When a person starts an exercise, a run for example, the 1st to 30th seconds of exercise will be using ATP from the Phosphagen System. After that if the exercise continues then the ATP needs to be provided by another producer: Anaerobic System (Carbohydrates Fuel). Although the Anaerobic System is raised for high-intensity exercises, it is also initiated in between the Phosphagen System and the Aerobic System, filling it up the gap between them since the Aerobic System is slow and so taking longer to start producing ATP.

This gap period takes about 3 minutes, after that, the Aerobic System starts to take over while the Anaerobic System decreases its production.

Examples of Carbs are: veggies, fruits, legume, potatoes, whole grains.

Once we eat Carbs our body will digest it to its simplest form called glucose, which will be sent to the blood and distributed to the body.

Glucose is stored into the muscle and liver.

The extra glucose is transformed into fat and stored on the adipose tissue for later use.

When the continuous exercise exceeds 50% of the maximal effort of the athlete, the Anaerobic System will take control and provide ATP on a faster way for the higher demand.

But when the exercise intensity switches to moderate or slow, the main ATP provider will be the Aerobic System, which together with oxygen will use Carbs and Fat.

Examples of Fats are: omega-3, omega-5, nuts, seeds, veggies oils (olive, avocado).

Once we eat fat our body will digest it to its simplest form called fatty acids, which will be sent to the blood and distributed to the body.

Fatty acids are stored into the muscle.

The extra fatty acid will be stored on the adipose tissue for later use.

After about 2h of continuous exercise, our body will have a lack of glucose and fatty acids available and so the ATP will be produced also through the proteins.

Examples of Proteins are: meat, fish, eggs, beans, soy.

Once we eat proteins our body will digest it to its simplest form called amino acids, which will be sent to the blood and distributed to the body.

Amino acids are stored into the muscle.

The extra amino acid will be extracted.

At this protein stage, the athlete feels an enormous exhaustion, the muscles hurt and all they want to do is to stop running. At this moment marathon and ultra-marathon runners usually say that they “hit the wall” . But they continue fighting with the pain until the end of the run. This usually happens on the 30km of the race or depending on the athlete speed, shape and others variables.

Some long distance athletes use the “cab loading” which is a strategy to consume a higher percentage of carbs and lower of fat on 1 to 3 days before the long run. This way there will be temporary extra storage of glucose on the muscle and liver so the protein production of ATP will be started later than usual while the athlete will be about finish the run.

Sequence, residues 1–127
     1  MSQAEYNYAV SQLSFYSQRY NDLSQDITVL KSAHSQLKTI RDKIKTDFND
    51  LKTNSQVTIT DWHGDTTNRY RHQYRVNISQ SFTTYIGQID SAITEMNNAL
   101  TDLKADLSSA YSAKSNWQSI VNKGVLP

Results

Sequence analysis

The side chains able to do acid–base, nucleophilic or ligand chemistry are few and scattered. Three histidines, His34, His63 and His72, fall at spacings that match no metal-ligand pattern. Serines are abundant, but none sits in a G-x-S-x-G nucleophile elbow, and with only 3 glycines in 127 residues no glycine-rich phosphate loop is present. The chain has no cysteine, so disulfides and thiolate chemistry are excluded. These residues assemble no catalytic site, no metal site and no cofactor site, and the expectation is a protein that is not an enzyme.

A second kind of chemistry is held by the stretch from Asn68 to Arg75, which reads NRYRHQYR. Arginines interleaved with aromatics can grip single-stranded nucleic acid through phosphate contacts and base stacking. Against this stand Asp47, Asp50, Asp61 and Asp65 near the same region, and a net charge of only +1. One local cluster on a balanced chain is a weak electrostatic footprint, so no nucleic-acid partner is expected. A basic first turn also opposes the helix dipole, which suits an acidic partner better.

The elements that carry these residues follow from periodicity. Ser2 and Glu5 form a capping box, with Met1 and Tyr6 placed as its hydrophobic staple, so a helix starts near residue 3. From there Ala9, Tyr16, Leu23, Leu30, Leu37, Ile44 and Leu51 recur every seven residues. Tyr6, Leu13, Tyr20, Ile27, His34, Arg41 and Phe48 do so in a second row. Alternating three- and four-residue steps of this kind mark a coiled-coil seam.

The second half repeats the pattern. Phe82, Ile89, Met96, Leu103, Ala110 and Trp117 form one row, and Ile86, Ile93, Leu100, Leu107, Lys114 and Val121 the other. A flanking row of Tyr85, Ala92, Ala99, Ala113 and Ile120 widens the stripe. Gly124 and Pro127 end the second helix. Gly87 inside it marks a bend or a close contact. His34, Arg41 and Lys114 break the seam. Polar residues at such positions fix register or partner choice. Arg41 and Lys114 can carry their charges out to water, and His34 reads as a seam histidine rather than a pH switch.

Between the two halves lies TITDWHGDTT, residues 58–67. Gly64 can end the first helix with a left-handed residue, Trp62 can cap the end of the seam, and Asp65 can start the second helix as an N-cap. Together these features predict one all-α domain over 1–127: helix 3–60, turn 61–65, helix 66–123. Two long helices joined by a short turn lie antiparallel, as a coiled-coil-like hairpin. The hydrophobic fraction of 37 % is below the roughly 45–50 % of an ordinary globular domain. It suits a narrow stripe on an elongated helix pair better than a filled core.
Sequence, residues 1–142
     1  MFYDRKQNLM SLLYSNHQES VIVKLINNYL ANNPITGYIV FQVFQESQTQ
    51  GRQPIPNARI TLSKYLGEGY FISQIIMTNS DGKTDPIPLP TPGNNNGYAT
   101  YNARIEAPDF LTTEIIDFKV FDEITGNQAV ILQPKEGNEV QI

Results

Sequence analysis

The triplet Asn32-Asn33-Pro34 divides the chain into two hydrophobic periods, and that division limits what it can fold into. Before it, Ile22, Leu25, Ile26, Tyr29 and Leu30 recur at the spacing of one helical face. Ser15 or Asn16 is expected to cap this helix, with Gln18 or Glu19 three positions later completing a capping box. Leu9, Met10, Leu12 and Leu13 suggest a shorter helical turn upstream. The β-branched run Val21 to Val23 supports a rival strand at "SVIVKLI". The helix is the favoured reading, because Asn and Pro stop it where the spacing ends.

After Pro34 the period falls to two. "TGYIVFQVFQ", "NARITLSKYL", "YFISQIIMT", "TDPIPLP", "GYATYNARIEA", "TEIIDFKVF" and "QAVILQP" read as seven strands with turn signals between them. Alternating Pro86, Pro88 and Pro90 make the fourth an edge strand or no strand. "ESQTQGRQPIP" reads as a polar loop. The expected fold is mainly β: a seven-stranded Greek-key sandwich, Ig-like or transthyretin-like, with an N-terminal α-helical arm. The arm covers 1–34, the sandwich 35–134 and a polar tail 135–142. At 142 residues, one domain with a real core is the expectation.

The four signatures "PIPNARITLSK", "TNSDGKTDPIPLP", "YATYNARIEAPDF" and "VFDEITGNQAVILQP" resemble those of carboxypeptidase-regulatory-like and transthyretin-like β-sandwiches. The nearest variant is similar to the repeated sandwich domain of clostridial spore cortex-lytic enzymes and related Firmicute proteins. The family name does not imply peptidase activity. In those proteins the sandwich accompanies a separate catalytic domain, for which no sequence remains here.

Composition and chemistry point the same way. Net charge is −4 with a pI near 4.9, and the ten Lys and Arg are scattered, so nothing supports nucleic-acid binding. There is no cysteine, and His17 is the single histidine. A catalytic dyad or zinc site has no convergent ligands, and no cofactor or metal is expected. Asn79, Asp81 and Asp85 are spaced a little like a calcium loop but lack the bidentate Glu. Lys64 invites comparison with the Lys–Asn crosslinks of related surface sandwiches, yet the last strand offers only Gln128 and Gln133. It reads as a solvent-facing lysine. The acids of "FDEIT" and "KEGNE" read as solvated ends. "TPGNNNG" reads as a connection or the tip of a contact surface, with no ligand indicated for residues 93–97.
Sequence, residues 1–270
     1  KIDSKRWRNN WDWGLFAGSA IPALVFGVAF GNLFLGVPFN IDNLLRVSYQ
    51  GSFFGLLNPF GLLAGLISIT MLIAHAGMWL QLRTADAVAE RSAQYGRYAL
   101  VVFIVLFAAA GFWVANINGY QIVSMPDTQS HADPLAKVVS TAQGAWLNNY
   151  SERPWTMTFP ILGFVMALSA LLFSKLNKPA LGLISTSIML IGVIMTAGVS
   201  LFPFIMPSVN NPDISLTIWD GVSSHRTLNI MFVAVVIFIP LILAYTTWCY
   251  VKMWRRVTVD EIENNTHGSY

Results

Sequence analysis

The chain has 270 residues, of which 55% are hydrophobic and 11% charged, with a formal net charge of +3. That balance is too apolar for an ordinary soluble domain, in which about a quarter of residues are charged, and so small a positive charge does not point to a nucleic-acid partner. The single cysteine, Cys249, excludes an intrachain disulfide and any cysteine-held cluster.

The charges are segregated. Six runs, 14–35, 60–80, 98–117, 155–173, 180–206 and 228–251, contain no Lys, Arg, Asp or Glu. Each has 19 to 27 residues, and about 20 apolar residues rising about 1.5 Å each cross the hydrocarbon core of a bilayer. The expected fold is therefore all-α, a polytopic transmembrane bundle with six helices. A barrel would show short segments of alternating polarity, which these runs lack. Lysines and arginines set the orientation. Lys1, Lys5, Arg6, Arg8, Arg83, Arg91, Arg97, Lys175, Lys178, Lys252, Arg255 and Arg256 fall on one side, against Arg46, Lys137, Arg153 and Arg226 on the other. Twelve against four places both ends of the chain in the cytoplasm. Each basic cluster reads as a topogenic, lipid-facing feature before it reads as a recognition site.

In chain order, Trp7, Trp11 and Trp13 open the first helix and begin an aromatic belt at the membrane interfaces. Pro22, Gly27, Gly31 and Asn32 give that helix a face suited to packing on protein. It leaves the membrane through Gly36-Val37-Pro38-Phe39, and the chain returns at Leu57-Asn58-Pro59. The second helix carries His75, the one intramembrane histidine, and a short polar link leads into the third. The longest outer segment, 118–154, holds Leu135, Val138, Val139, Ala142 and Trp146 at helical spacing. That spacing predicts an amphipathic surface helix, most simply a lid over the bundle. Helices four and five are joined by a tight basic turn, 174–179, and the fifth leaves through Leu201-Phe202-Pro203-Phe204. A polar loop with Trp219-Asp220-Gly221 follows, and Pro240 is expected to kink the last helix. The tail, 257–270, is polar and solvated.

As a conclusion, depending on the intensity and duration of the exercise, the body will provide ATP from the proper Fat, Carbs, Protein fuels and Phosphagen System as an integrated process.

Consuming the proper food and amount has a direct reflection to the athlete performance.

For more details on this topic, watch my presentation on the link below and don’t forget to subscribe to my YouTube channel 🙂

Click here to watch more about ATP production or watch the video below.

For a running and diet individual plans, look for professionals and kick it!

I will see you soon!

Flavia Grohmnann

Reference: ACE Fitness

Friday night, Netflix and delicious healthy Quesadillas

What’s up on a Friday Night? Some Netflix and chill? 🙂

Here it is one of our favorite recipes from Erik Orgu! Way too delicious! It is so juicy and so tasty!
You can also vary the bacon with chicken, ham, shimps, salmon fillet, tofu, soy slices, but bacon is our favorite option!
And the pineapple? Oh my… Such a perfect combination! It reminds me of the hawaiian pizza that I used to eat while living in Minnesota with my teammates! Plus, you can use canned pineapple as an alternative for non tropical countries.

Regarding cooking, little by little we can PEEL MORE AND UNWRAP LESS.

It doesn’t have to take a lot of time to cook, specially after getting started and letting it flow. It all depends recipe from recipe and there are so many healthy, delicious, fast and easy ones! So many which you can do in 15min!

“There is no love sincerer than the love of food.” George Bernard

Our body cells require a continuous supply of energy in order to function and the food we consume supplies this energy. Good carbs, fat, protein, vitamins, minerals and water will directly reflect on our health and fitness performance.

Below is the recipe of this amazing Quesadilla:
Serves 1

20g Light Mayonnaise
2 Tortilla wrap (small)
35g Favorite cheese 24-28% fat
75g Bacon
95g Pineapple
85g Tomato
60g Cucumber
35g Lettuce

1- Chop and fry the bacon.
2- Mix on a bowl mayonnaise, fried bacon, grated cheese and pineapple cubes.
3- Put the mix in the tortillas, fold it, heat up both sides on a covered pan.
4- Chop the salad and serve aside.

Enjoy it!
For more info about food balance and delicious recipes contact a nutritionist.

Flavia Grohmann
Ref: erikorgu.ee

10km below 50min – Challenge

Hey-ho! The 1st week of my challenge is DONE!

Which challenge?

I am going after the 10km run below 50min.

Oh my..
That’s correct: OH MY!

For me which speed isn’t my strength it is really a challenge, it looks like that it is not possible at all. BUT, I gotta try!

The initial training plan was for 8 weeks, but since currently I am doing 10km in 1:02:00, I will take another 4 weeks and even more if needed.
Decrease 12min… Twelve!

And as I usually do, after each week of the training I post a comment of how it was, so maybe I can support and get support from someone who is going through something similar or already went through, or who can somehow feel me. That would be cute 🙂

The week already put me on the spirit with this #sonofa training on Thursday:

6x (800 meters HARD + 2’ rest)

It was hard. Hard. I wanted to slow down but my HR watch kept showing me that I could keep it up! So here I had a self-sabotage moment trying to take place, but the numbers made sure to keep me on the loop.

Do you run with a HR watch?
It is awesome. It is hard. It is real.

And: I will see you next week!

Flavia Grohmann

Running Abroad

A Brazilian woman living in Europe, building a family and running abroad! Can you feel me? 🙂

You are more than welcome to my Blog and to share your fitness experiences, traveling as well as some delicious healthy food which you come up with! Yummy!

I will be sharing my experiences about running, traveling, food recipes and tons of adventures! Which on this picture by the way, I was doing a 3 days cycling trip in Patagonia, Argentina, with two dear friends one from Brazil and another from Michigan-USA. It just fills my heart when I look at this picture and I remember what an amazing experience it was and actually which exercising is!

And this is just one out of tons! Don’t miss out. Stick with me 😉

Flavia Grohmann